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The Radley house (and its inhabitant, Boo) are subject to a great deal of gossip and urban legend in Maycomb. The children have heard all of the stories about Boo, particularly the fact that he is supposed to have stabbed his mother with a pair of scissors. The house is representative of these stories because Boo, or the "monster" that they imagine when the think of Boo, is locked inside its walls.
For the same reason that children have dared one another to go inside "haunted" houses, made up tales about old abandoned buildings, told stories of ghosts and villains around campfires, gone to fun houses and watched horror movies, Scout, Jem and Dill are drawn to the house. It represents the unknown and the fears and possible dangers that go along with it. Also, as Dill's dare to Jem shows, the house presents an opportunity to prove manhood. Touching th house represents conquering a fear of the unknown.
He stabbed his father, not his mother
- The main reason the kids are fascinated with the Radley house is because Atticus told them not to be. The house is taboo, other, haunted, Gothic. In it resides a freak, a murderer who killed his parents with scissors.
- Flannery O'Connor once said:
“Whenever I am asked why Southern writers particularly have this penchant for writing about freaks, I say it is because we are still able to recognize one."
In other words, Southerners are obsessed with freaks because the South is so full of them.
- The kids are obsessed with Gothic literature: The Gray Ghost, Ivanhoe. They are attracted to those who are injured, outcast, and morbid. Just look at all the freaks in the novel: Boo, Dolphus, Bob, Tom, Burris, Mrs. Dubose, and Mayella.
- Why wait for Halloween or pay a penny at the circus sideshow if you can peek into a neighbor's house to see a freak?
The children are fascinated with the Radley house because of the mysterious tenants it has. They like letting their imaginations come up stories about the Radleys, and they let the rumors around town influence their thinking as well. As it relates to theme, the Radleys represent those who recognize the corruption of the world around them, and therefore withdraw from it to avoid either adding to the problem or being a victim of the corruption.
The first dare associated with the house is to retrieve the tire from the yard, which Scout mocks Jem about until he caves. This starts a series of dares about touching the house, leaving notes in the shutters, and trying to get Boo Radley to come outside.
The first dare was simply to run up and actually touch the house. All the kids were so frightened of the house because of the stories about Boo being a psycho maniac killer and they feared that he would kill them if they approached the house.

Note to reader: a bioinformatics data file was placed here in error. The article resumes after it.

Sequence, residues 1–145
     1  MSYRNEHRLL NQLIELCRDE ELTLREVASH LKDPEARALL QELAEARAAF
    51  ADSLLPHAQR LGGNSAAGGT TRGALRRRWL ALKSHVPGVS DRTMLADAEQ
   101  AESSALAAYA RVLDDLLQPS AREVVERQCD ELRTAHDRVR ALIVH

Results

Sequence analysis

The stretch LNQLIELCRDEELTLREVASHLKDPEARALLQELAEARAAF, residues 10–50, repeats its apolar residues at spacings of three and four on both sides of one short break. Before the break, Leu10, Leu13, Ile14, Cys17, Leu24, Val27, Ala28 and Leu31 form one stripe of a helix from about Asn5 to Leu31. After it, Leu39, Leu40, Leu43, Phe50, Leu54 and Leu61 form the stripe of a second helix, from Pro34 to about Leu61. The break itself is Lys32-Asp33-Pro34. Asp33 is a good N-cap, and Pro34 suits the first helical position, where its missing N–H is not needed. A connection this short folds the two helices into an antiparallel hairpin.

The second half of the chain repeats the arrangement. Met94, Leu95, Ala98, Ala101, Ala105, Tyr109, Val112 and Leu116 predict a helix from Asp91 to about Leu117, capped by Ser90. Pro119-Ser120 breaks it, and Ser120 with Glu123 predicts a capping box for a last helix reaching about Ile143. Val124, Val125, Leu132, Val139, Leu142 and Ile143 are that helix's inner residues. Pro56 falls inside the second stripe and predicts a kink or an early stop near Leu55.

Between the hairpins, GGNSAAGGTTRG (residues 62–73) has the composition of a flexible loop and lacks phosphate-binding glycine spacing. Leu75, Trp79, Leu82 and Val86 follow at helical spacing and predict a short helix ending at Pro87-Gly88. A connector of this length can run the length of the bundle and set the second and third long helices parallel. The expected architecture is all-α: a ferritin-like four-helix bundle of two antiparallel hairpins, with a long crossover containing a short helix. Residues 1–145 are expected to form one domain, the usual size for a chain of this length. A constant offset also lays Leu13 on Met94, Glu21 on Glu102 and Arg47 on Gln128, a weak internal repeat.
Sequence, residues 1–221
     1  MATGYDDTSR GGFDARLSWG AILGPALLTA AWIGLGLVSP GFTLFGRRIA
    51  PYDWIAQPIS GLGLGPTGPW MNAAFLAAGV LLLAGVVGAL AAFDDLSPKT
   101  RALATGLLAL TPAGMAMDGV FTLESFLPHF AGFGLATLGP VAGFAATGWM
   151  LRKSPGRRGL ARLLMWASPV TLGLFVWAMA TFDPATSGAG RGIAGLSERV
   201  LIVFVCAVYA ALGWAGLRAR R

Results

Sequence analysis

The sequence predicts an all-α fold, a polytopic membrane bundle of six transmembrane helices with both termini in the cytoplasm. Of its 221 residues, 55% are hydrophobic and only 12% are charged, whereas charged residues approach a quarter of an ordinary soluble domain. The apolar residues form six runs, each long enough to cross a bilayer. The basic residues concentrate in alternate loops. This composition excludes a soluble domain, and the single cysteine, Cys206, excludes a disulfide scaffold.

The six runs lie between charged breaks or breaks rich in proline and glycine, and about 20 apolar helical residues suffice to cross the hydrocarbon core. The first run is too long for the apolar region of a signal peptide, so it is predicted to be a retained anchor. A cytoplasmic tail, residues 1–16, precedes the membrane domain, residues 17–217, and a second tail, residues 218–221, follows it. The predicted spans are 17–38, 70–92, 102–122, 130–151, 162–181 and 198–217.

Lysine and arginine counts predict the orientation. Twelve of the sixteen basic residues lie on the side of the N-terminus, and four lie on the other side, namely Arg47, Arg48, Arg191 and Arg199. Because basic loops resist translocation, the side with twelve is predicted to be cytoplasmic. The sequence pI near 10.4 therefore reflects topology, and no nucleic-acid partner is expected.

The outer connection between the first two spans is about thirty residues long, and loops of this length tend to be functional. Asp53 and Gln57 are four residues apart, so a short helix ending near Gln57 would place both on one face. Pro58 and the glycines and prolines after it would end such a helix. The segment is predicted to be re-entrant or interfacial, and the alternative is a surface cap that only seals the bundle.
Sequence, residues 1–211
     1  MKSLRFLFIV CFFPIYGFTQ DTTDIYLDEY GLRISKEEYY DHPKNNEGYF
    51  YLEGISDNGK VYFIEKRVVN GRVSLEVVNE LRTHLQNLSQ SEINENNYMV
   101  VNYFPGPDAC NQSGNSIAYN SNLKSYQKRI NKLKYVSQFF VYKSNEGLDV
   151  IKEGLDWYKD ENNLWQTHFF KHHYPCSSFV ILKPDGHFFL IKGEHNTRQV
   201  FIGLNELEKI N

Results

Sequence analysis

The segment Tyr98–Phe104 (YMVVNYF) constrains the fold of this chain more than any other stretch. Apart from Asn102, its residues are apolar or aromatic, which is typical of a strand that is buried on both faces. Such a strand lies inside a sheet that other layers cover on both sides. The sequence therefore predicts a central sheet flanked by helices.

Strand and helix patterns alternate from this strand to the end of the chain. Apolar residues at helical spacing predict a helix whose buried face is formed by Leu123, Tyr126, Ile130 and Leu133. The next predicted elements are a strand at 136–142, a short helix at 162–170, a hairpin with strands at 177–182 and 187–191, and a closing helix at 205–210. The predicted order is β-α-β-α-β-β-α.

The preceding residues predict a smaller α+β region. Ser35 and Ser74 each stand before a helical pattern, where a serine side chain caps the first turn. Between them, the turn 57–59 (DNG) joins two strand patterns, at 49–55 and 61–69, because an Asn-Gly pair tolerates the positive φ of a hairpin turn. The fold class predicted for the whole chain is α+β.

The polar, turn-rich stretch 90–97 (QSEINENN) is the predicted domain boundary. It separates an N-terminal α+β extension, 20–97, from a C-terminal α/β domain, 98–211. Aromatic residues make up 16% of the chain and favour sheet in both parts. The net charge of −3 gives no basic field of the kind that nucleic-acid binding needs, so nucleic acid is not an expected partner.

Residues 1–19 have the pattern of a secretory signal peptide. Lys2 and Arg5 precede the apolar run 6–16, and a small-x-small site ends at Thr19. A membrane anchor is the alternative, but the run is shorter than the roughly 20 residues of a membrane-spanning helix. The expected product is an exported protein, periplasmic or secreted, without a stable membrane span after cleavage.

Like anything unknown, particularly anything that isn't well known and has tons of rumors spread around town about it, the kids are fascinated by the house. It appears to be empty but they know Boo is in it, and they hear pretty good stories from Calpurnia and Atticus and others about the family, but then they can blow them out of proportion and change them and rumors serve to heighten their fascination with the place.
Because of the many fantastic stories that they have heard about Boo, Jem and Scout--and especially Dill--are naturally curious about what's inside the Radley house. The fact that Boo has never been seen is enough of a reason for them to keep a continual watchful eye for his presence. The house itself is imposing: Overgrown with weeds, in need of a painting and with "oak trees (that) kept the sun away," the Radley place is the creepiest house in an otherwise unassuming neighborhood. The "rain-rotted shingles drooped" and "the shutters and doors... were closed on Sundays"--Maycomb's most social day of the week. But it was the unknown nature of the "phantom" that lived inside that most intrigued the children.
The first dare concerning the Radley house came when Dill bet his book (The Gray Ghost) that Jem wouldn't "just go up and touch the house." Jem won that bet.
To me, the kids (Jem, Scout, and Dill) are fascinated with the house because kids are, by nature, fascinated with the unknown and potentially dangerous.
Boo Radley is this thing that is just a legend in Maycomb. The kids have never seen him so they can only imagine him. Kids have really fertile imaginations so they make up all sorts of stories about him. Because they have these images in their mind about how dangerous he is, they are fascinated by the house. They feel that being interested in it and being willing to touch it and such show that they are brave kids.
When I was a kid, there was one paved road that ran past one edge of our village. We called it the "bad road" and were forbidden to play on it because cars might be going fast on it. We were fascinated with it and would do things like putting one foot on it and then running away. I think it's the same psychology going on with the kids in the book.
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